Please note that all orientation schedules are on the website. The orientation for new first year students in the College of Arts and Sciences starts on Monday, August 18 — see the full schedule.
Myesha went so far in showing her solidarity with the new Green Class that she sported green hair! I can’t top that, but I am especially pleased to welcome the Green Class since that was my own class color just a few years (ahem!) ago.
And check out Dean Meechie’s new title…
Stay tuned to this blog for more updates…
See my blog on the Huffington Post “Ferguson’s Lessons for the Fall Semester”
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War Comes Home: Major General Harold J. Greene, Trinity SonAugust 12, 2014
For too many Americans, the War in Afghanistan often is just an abstraction, something we don’t think about too much, a conflict far away and much too long — the longest war in American history — a random headline that we ignore on the way to clicking on links about overpaid quarterbacks and vacuous celebrities.
For the extended Trinity family last week, the War in Afghanistan took a terrible, tragic turn, claiming the life of a Trinity son, Major General Harold J. Greene. On Tuesday, August 5, Major Greene was killed during an “insider attack” on a group of allied officers inspecting troops and training results at an Afghan military academy. He is the highest ranking officer killed in the Afghan-Iraq conflicts. He was in Afghanistan as deputy commanding general of the Combined Security Transition Command — a key figure in trying to pave the way for the end of the U.S. presence in that nation and full empowerment of the Afghan military. He gave his life as part of the endless quest to bring peace and some measure of security to that troubled region.
The late Eva Shediak Greene, Class of 1950, was General Greene’s mother. A History major from Fall River, Massachusetts, she was active in many campus organizations including the International Relations Club. Her Trinilogue entry indicates that she loved World Literature and even spoke Arabic. Upon graduation she earned master’s degrees at Boston College and SUNY Albany, and embarked on a career as a teacher, textbook editor and school librarian. She married Harold Greene, moved to the Schenectady area, and raised three sons, of whom General Greene was the oldest.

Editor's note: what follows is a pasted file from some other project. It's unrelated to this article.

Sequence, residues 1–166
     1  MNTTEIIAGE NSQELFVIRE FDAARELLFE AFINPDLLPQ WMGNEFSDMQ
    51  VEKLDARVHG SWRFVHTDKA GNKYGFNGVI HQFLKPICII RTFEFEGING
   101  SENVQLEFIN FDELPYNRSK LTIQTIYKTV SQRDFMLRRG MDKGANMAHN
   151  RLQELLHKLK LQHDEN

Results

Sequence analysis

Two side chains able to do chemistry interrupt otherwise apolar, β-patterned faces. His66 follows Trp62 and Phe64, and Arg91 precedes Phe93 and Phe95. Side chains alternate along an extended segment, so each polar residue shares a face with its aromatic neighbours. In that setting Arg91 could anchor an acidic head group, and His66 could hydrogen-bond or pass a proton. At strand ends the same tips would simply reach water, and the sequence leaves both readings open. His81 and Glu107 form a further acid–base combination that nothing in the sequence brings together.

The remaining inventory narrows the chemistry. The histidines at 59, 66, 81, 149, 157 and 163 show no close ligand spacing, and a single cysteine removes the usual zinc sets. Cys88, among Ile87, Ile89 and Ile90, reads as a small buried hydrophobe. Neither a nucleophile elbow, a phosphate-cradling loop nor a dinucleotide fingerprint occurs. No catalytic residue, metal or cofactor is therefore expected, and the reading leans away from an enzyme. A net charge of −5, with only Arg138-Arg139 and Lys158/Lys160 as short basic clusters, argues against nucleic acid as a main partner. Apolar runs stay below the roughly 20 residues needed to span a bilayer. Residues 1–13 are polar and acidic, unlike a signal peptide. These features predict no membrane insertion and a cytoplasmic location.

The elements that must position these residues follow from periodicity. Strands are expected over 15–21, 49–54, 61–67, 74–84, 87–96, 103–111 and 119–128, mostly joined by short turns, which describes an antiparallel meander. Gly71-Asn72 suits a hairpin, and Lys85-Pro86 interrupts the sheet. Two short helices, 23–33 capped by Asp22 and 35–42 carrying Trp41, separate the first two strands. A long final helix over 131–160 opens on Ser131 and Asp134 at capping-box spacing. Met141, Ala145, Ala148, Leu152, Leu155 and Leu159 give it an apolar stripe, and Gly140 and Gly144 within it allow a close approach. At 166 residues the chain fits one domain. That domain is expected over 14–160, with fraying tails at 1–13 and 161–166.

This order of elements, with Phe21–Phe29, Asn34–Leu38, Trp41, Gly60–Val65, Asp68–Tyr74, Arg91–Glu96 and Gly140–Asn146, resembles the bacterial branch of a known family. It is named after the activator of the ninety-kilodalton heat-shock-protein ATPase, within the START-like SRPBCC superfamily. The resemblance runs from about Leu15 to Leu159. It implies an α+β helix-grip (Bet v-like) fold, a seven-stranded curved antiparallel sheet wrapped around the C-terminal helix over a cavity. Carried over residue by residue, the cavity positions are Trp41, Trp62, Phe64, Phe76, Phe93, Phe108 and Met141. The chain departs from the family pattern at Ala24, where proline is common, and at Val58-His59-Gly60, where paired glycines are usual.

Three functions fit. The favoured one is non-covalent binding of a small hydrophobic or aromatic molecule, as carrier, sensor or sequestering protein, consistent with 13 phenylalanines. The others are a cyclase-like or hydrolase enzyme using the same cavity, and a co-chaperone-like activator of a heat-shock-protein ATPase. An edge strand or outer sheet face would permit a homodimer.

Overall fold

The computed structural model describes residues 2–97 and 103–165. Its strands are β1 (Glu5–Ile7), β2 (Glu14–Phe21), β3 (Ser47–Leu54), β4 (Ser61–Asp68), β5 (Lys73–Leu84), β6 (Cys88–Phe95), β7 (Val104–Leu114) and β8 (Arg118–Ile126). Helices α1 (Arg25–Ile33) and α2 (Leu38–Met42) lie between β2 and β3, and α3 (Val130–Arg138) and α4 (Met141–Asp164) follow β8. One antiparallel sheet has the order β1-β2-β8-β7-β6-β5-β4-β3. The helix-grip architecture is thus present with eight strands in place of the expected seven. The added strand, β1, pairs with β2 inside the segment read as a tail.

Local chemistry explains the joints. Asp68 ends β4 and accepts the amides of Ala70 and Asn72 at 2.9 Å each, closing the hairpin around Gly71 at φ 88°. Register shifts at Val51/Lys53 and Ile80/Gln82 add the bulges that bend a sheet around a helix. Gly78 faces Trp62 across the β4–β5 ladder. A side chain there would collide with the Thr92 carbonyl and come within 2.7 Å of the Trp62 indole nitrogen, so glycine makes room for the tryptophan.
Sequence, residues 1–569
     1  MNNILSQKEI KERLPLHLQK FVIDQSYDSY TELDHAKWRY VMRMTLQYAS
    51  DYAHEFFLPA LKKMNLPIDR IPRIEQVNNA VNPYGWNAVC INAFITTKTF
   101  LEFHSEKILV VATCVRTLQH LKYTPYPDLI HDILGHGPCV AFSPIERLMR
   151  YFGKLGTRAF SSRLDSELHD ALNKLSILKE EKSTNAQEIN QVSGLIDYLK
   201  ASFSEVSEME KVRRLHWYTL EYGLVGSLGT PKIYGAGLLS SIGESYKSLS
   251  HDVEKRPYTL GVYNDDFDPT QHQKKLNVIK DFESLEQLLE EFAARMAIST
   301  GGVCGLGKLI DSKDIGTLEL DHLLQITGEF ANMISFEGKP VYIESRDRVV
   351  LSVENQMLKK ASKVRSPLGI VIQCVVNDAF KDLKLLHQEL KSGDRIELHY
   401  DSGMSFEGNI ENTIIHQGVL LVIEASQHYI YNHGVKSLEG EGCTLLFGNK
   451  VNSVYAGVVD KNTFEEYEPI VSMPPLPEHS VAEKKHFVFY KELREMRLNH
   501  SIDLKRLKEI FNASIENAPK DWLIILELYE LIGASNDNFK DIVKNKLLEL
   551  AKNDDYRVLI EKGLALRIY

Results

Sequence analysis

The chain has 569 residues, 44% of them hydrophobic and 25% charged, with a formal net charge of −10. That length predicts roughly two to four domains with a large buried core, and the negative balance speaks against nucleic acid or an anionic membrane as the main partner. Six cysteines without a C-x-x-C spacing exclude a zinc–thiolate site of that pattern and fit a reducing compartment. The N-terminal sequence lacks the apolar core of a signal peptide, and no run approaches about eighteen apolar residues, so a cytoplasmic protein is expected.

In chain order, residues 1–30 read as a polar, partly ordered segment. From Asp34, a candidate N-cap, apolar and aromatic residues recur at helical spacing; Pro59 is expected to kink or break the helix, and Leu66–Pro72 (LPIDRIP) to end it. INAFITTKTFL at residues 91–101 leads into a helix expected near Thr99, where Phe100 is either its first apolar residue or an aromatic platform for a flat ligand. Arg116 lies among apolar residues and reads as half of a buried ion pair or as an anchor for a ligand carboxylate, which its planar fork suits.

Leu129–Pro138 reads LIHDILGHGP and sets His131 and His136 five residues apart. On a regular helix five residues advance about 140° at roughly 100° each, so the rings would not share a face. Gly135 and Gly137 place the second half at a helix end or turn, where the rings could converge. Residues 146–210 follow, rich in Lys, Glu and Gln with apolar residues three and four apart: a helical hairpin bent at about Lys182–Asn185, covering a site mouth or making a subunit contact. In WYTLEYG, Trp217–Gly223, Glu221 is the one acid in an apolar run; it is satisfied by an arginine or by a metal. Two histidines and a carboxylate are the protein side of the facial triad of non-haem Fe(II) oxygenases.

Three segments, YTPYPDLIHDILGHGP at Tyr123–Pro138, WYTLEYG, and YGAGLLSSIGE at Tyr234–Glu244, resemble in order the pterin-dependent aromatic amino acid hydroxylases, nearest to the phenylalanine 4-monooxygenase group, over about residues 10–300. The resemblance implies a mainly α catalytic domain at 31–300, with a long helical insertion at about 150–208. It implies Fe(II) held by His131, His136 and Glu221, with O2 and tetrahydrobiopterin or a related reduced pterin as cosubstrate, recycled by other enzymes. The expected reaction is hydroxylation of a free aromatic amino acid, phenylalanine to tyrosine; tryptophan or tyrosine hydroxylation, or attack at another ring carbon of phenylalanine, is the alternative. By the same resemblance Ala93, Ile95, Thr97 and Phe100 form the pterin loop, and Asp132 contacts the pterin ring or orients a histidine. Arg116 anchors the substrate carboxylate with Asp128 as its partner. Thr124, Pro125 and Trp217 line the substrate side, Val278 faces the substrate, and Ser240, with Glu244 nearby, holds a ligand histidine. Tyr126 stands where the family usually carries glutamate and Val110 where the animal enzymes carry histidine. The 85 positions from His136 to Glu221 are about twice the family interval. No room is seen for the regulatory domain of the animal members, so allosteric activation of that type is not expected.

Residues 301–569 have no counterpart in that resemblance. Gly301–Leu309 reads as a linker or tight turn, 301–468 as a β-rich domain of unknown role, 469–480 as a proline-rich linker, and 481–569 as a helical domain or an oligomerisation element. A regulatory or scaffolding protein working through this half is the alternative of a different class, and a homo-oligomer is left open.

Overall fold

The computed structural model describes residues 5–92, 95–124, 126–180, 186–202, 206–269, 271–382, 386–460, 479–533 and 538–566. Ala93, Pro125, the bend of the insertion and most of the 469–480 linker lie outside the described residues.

I called Mr. Greene, himself an Army veteran, to extend Trinity’s deep condolences, and he seemed glad to know that the Trinity family is with him and his children and grandchildren at this difficult time for the Greene family. The Albany Times Union has a particularly nice story with an interview of Mr. Greene about his son.
Trinity’s flag will fly at half staff on Thursday, the day that General Greene will be laid to rest in Arlington National Cemetary. We send our deepest sympathies to his father and family, and remember his mother Eva and the son whose heroism in serving his nation surely made her so proud. We send our thanks and admiration to the Greene family for their patriotism and heroism in fostering the commitment across generations to serve our country in the military.
Let us also pause in this moment to remember the thousands of military personnel who have died or suffered terrible wounds in these wars, and the countless other people also killed and wounded by war. Let us renew our prayers for peace.
If you would like to send a message of condolence to the Greene family, please drop a note off at my office or you may email me at email@example.com, or leave a comment in the box below.
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Congrats, Mighty Macs!August 10, 2014